Worthingtons Solicitors

Act introduces protection for business tenants

The Coronavirus Act 2020 has introduced protections for business tenants in Northern Ireland who are struggling to cover rent charges on their commercial leases due to the Covid-19 outbreak.

The lockdown introduced by government on 23 March 2020 to slow the spread of the virus in the United Kingdom has seen the majority of ‘non-essential’ businesses being forced to close. This brings uncertainty, financial instability and pressure for business owners across the country.  

Section 83 of the Act outlines that commercial landlords in Northern Ireland cannot re-enter property under forfeiture provisions due to non-payment of rent for this quarter. This means that if a tenant has not paid rent, or cannot pay rent, the landlord does not have any right to forfeit the lease from 26 March 2020 to 30 June 2020 and this period can be extended by government if required. While this is a welcome protection for tenants, this will place many commercial landlords in a difficult position. But of course the measure does not relieve tenants from their liability to pay rent, it merely prohibits the exercise of one particular remedy that would otherwise be open to landlords.

This protection is afforded to all tenants, and they do not have to prove that rent arrears have been caused by the Coronavirus. If a tenant’s inability to pay rent occurred before the coronavirus outbreak, the landlord is still not entitled to forfeit the lease until after the defined period. This could lead to tenants taking advantage of the status quo and refusing to pay rent in the knowledge that they cannot be dispossessed of the property and will in all likelihood be afforded the opportunity of paying off the accumulated rent at the end of the moratorium.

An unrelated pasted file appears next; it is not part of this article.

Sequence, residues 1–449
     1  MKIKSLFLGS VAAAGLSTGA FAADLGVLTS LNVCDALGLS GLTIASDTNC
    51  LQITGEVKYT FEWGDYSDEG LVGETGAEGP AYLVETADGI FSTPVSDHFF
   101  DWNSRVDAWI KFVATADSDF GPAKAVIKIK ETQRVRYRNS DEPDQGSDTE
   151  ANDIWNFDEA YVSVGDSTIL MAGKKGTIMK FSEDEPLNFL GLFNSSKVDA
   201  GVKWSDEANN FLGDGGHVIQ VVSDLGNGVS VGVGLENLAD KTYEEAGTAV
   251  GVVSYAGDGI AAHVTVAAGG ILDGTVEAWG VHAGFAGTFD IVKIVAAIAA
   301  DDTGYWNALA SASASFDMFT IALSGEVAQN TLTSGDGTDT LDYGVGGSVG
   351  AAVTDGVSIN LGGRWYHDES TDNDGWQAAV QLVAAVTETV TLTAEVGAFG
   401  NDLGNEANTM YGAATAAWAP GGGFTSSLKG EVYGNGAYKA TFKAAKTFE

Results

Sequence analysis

Luckily for Landlords, the Coronavirus Act protects them from accidentally waiving entirely their right to forfeit after the moratorium – a trap which would otherwise be wide open to landlords. The Act provides that the right to forfeiture can only be waived by an express declaration of waiver in writing – and that is something no properly-advised landlord would ever willingly do.

Interim options for landlords

Landlords struggling to meet debts should consider:

  • contacting lenders as soon as possible to discuss delaying or extending payment terms on commercial borrowings;
  • utilising rent deposit sums (but only if the tenant is in default);
  • approaching any guarantors under the lease;
  • reaching concession arrangements allowing for interim payments;
  • an extension in the lease to attempt to recover some rent during this period

Interim options for tenants

Tenants worried about financial obligations could ask their landlord to consider:

  • a ‘rent holiday’ (with an express agreement that this does not affect the tenant’s right to exercise any break options in the lease); or
  • reducing or deferring rent by, for example, spreading the 1 May quarter over a longer period to ease the burden.

With the above in mind, it is to be hoped that landlords and tenants will communicate with one another as soon as possible and be open to negotiations to facilitate repayments in such a way that sees both sides emerge financially intact from the current unprecedented times.

Graham Pierce is a partner in the Commercial Department of Worthingtons Solicitors specialising in Commercial Property. For more advice on your commercial lease, please do not hesitate to contact us on 028 90 434015 or info@worthingtonslaw.co.uk.

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